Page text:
So, they didn't find the Chosen One and didn't know about Force ghosts. That doesn't mean they've stopped seeking knowledge.

    He actually is.

    No, they are extinct because a Sith Lord managed to blind them and rise to power. But I wouldn't mind if you explain how you've jumped to that conclusion.

    They forgot to "be human" with them? Taking Anakin's example alone, which Lucas had complete creative control over, where did they forget to "be human" with him? They offered him a chance to have a better (although hard) life as a Jedi, explained the terms and conditions of said life, and he accepted. It's not like the Jedi don't understand why he's afraid of losing his mother, or why he has feelings for Padmé. The point is that if he wants to be a Jedi, he has to behave like one and be selfless. If he wants to "be human" and have a normal life, the door is always open for him to leave.

    That's great for him. But there's still no direct correlation with his success.

    Not in TESB. If being raised by a "normal" family has so much influence on his character, he would have tried to save Vader in TESB.

    But the "good" was still there, and it was when he sensed the good in Vader. I'm not talking about the fight, where he had no chance whatsoever, but about him sensing good in him and trying to save him. Or Mr. and Mrs. Lars didn't teach him to try to save strangers that still had "good" in them?

    Yes, Anakin gave him no chance whatsoever with his ultimatum.

    They've probably spent more time together than Luke and Anakin, but that's beside the point.

    That's up to them to decide if it's a connection that "truly matters" or not.

    (Un)fortunately the story was focused on something else. Absence of evidence is not evidence of absence.[/quote]
  7. Iron_lord

    Iron_lord Force Ghost star 8

    Sep 2, 2012
    If you believe writers like Rand or Heinlein - to be perfectly selfless is an utterly unreasonable, inhuman expectation.

    Of course, they have their own biases. Still, I can see where they're coming from.
  8. Alexrd

    Alexrd Force Ghost star 5

    Jul 7, 2009
    Good thing we're talking about inhuman beings then. ;)
  9. Iron_lord

    Iron_lord Force Ghost star 8

    Sep 2, 2012
    Anakin, Qui-Gon, and Obi-Wan are inhuman? About the only thing that distinguishes them is their powers.
  10. darth-sinister

    darth-sinister Manager Emeritus star 10 VIP - Former Mod/RSA

    Jun 28, 2001
    According to Yoda and Palpatine, they did.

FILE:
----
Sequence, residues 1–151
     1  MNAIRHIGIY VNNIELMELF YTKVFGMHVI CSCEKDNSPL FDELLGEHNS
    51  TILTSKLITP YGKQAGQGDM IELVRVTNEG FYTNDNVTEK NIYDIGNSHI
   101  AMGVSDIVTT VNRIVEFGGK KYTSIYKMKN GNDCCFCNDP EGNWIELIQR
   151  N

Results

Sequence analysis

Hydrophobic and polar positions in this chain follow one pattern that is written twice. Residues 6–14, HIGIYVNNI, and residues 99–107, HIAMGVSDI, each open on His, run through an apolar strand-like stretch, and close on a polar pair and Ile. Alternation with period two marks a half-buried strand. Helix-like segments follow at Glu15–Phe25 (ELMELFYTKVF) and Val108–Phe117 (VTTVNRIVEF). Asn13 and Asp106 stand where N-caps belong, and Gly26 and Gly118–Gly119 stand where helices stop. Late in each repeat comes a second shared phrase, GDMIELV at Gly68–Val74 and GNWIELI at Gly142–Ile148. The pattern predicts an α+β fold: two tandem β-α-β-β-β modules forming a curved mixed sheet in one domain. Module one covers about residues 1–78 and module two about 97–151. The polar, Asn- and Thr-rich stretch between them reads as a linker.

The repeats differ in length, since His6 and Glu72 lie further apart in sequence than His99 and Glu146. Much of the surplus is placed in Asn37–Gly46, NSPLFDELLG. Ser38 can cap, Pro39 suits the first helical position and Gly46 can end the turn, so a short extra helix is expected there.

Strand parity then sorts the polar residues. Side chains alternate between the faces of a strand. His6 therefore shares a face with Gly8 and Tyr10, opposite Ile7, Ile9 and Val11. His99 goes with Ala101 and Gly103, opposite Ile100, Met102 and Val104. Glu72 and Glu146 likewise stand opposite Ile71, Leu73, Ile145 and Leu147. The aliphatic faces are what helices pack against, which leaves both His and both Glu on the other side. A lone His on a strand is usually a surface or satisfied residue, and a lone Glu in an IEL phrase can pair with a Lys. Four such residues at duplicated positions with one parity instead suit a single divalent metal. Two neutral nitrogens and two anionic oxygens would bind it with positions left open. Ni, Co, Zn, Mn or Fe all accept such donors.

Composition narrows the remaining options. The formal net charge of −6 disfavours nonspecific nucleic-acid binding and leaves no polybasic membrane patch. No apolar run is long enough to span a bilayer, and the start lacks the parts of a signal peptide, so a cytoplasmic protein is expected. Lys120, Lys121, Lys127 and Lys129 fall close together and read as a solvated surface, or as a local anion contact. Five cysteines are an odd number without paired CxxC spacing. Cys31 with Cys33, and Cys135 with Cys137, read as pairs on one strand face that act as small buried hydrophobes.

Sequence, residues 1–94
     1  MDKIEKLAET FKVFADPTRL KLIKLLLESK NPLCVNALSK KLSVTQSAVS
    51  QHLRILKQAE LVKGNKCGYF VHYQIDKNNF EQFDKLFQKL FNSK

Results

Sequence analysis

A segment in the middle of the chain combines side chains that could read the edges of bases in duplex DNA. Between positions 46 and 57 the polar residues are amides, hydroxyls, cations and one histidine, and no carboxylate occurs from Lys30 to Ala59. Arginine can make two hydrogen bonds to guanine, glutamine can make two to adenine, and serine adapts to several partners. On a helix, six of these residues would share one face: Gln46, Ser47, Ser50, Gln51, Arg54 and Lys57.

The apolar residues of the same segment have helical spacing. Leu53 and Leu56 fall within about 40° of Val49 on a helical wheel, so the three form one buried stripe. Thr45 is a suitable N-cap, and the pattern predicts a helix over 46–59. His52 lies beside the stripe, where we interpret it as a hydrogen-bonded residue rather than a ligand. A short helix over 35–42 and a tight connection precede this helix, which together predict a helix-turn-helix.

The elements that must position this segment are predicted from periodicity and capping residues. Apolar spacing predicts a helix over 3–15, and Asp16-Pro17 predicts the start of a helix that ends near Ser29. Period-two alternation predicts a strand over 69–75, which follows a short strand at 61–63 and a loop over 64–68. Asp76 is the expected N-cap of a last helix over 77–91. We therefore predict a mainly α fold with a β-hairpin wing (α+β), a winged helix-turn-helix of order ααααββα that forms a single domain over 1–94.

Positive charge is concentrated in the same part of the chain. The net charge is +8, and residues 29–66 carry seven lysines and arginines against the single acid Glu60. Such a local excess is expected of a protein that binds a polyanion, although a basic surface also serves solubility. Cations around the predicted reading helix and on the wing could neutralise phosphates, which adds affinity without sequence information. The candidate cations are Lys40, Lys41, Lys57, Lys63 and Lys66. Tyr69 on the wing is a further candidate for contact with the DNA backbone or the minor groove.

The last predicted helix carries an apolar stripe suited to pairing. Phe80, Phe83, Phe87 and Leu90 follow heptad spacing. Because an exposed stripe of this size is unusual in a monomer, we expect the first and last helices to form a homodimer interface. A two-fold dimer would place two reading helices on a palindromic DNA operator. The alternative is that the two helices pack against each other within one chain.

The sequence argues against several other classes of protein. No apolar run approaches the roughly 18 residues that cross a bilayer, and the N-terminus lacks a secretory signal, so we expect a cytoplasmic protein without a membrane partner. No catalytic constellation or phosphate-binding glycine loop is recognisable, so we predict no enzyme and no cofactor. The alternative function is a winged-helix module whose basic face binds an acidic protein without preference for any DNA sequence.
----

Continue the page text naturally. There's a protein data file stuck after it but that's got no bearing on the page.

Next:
He is, but he's also talking about the other views. Like the Nightsisters and unknowingly, the Whills.

    Because as Yoda said, the Jedi should have changed after the last war with the Sith, but they didn't.

    Right and they didn't do anything to help him to break his attachments, other than just teach him. There was no counseling. There was no emotional heart to heart. None of them knew what it was like to be separated from a parent.

    Sure there is. He grew up with attachments and still learned to let them go and was able to do what no Jedi had done.

    Luke didn't know Vader was his father. He was told that this was a rogue Jedi who needs to be killed to end the war.

    The good only surfaced when Luke and Vader fought. And during the fight, Luke didn't realize what he was sensing from Vader because he wasn't ready for the fight. He could barely use the Force to defend himself, much less sense things and understand what he is feeling.

    They taught Luke love. Unconditional love. Compassion.

    There was a choice. There is always a choice. Obi-wan could have chose not to fight him, but instead continue to try and reason with him. He quit because of his training.

    And yet, Luke could sense the conflict. Luke believed he was worth saving when Obi-wan didn't.

    A result of their training. It's a cause and effect.
  11. Iron_lord

    Iron_lord Force Ghost star 8

    Sep 2, 2012

    There's this:

    "The part I am working on now is mostly about Darth Vader, who he is, where he came from, how he became Luke and Leia's father, what his relationship to Ben is. In Jedi, the film is really about the Redemption of this fallen angel. Ben is the fitting good angel, and Vader is the bad angel who started off good. All these years Ben has been waiting for Luke to come of age so that he can become a Jedi and redeem his father. That's what Ben has been doing, but you don't know this in the first film."
    --George Lucas

    but that may be a case of Lucas changing things after the event. It's kinda hard to believe Ben wants Luke to try to redeem Vader.
  12. darth-sinister